One of the hardest things I have to do in my profession is advise potential clients that Florida’s laws do not compensate them for the loss of a loved one. Recent developments in the law are making this task something I regretfully perform, far too often. Consider the following two fictitious cases that result in death and decide whether you think the law is fair. The Car Crash: Sally dies in an automobile accident when she is stopped at a red light and rear-ended by a large truck that is speeding and owned by a large, national company. Widowed, she is survived by her two children. ages 26 and 35. The Medical Malpractice: Jane dies when her doctor operates on the wrong kidney, she gets and infection and the hospital, owned by a large, national hospital chain, gives her an antibiotic to which her chart prominently warns she is allergic. Widowed, she is survived by her two children, ages 26 and 35. Sally’s children can sue for their emotional distress occasioned by the loss of their mother. Jane’s children can’t. Why?
It’s a one-line law that says that children over the age of 25 do not have a claim for wrongful death when their parents die as a result of medical neglect. This leaves most adult children without a remedy. Children 25-years-old and younger can make a claim. This often results in situations where some siblings have a claim and their older brothers and sisters do not. It also puts doctors and hospitals in a safe zone. Medical mistakes made on older widows and widowers don’t carry the same civil sanction as mistakes made on younger adults and children. No matter what you think of our civil justice system, if you are one of many who believe it provides incentives to make life safer, it’s not so with medical malpractice. Quite the opposite-with older people, there is no civil down stroke to treating them below the standard of care. There are other caverns of inequity in the law.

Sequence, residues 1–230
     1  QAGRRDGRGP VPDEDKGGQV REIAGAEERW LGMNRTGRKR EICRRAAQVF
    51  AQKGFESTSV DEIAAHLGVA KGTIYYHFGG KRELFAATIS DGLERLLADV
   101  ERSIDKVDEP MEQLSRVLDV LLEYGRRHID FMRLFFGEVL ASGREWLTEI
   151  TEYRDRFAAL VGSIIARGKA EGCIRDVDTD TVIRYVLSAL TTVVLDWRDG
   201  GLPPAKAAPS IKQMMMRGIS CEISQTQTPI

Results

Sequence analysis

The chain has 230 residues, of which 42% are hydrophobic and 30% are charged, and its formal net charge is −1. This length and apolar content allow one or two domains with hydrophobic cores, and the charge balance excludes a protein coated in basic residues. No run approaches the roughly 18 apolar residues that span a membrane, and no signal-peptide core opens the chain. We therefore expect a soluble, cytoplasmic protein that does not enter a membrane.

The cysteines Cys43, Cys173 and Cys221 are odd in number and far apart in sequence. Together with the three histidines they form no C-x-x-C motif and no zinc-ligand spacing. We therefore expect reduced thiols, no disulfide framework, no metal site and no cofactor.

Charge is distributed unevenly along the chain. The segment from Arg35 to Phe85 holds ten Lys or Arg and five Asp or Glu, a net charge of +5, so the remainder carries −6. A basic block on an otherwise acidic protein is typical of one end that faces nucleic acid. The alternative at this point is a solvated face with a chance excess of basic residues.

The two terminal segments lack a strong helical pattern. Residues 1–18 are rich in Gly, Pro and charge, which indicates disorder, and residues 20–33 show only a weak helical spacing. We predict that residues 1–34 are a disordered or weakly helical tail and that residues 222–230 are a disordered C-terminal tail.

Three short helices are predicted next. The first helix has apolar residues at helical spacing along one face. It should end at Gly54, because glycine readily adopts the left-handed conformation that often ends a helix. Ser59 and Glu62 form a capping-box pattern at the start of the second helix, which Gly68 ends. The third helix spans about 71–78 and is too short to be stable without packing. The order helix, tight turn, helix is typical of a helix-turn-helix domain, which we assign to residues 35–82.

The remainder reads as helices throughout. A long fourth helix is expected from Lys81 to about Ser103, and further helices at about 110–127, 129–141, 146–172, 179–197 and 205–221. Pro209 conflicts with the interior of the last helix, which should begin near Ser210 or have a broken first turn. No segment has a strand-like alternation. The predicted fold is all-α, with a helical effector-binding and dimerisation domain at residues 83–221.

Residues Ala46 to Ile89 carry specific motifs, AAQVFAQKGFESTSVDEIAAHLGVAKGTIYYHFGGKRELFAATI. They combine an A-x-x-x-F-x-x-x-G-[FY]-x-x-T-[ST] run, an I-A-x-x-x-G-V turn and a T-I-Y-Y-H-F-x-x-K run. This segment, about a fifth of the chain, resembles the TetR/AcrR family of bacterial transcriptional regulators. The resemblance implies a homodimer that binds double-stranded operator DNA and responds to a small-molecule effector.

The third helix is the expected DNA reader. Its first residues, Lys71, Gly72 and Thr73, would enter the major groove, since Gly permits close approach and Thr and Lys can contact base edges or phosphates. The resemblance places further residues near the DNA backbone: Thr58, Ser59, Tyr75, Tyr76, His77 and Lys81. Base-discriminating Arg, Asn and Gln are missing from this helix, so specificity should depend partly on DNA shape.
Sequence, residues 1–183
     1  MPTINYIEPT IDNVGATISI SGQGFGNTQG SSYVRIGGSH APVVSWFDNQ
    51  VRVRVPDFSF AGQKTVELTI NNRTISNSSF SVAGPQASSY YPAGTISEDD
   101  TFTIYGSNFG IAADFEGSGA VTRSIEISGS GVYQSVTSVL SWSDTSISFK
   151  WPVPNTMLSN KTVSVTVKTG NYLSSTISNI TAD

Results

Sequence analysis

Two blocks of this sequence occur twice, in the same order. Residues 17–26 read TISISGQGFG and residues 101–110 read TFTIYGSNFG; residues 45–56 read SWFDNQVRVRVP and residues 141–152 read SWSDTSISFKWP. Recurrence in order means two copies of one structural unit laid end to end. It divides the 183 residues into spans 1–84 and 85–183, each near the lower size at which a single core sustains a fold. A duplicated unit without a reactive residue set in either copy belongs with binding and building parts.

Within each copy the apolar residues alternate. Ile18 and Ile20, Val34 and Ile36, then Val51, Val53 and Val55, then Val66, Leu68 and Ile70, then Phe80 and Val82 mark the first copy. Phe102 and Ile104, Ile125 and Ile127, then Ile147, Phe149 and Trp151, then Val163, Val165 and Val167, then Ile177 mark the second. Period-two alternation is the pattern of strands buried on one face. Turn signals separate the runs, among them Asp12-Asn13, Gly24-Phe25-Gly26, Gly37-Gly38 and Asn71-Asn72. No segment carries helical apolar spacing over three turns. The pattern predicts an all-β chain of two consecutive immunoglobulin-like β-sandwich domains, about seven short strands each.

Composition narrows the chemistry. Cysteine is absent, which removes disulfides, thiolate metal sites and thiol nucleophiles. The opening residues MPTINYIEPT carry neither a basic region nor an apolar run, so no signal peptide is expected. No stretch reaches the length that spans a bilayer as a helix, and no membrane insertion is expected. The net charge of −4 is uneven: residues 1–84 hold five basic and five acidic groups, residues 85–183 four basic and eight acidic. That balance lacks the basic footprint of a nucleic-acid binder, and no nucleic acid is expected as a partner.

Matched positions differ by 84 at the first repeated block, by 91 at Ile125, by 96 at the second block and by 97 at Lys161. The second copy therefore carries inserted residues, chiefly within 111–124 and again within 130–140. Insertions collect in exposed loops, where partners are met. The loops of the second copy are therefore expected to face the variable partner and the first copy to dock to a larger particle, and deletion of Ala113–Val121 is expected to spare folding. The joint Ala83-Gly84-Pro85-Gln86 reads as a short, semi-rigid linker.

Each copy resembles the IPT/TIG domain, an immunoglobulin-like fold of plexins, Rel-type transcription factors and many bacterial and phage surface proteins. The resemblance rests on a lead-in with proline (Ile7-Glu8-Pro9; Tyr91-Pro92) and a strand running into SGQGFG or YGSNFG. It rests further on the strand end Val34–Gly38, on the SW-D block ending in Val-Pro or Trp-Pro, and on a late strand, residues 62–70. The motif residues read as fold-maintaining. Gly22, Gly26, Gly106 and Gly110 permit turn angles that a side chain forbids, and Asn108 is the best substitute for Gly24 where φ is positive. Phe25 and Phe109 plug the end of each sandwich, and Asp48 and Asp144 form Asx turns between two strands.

Consider another fictitious example. A horrible accident occurs on the Sawgrass Expressway and University Drive. Two passengers, Jim and Tim, with identical neck injuries are placed on backboards. Two ambulances arrive. Jim gets taken to a private hospital. Tim to a public. Each hospital commits flat out. glaring. Medical malpractice failing to diagnose brain stem injuries which swell, causing identical. permanent spinal cord injuries. Jim and Tim lose the use of their limbs for the rest of their lives. over which. Their medical expenses are projected into the tens of millions of dollars.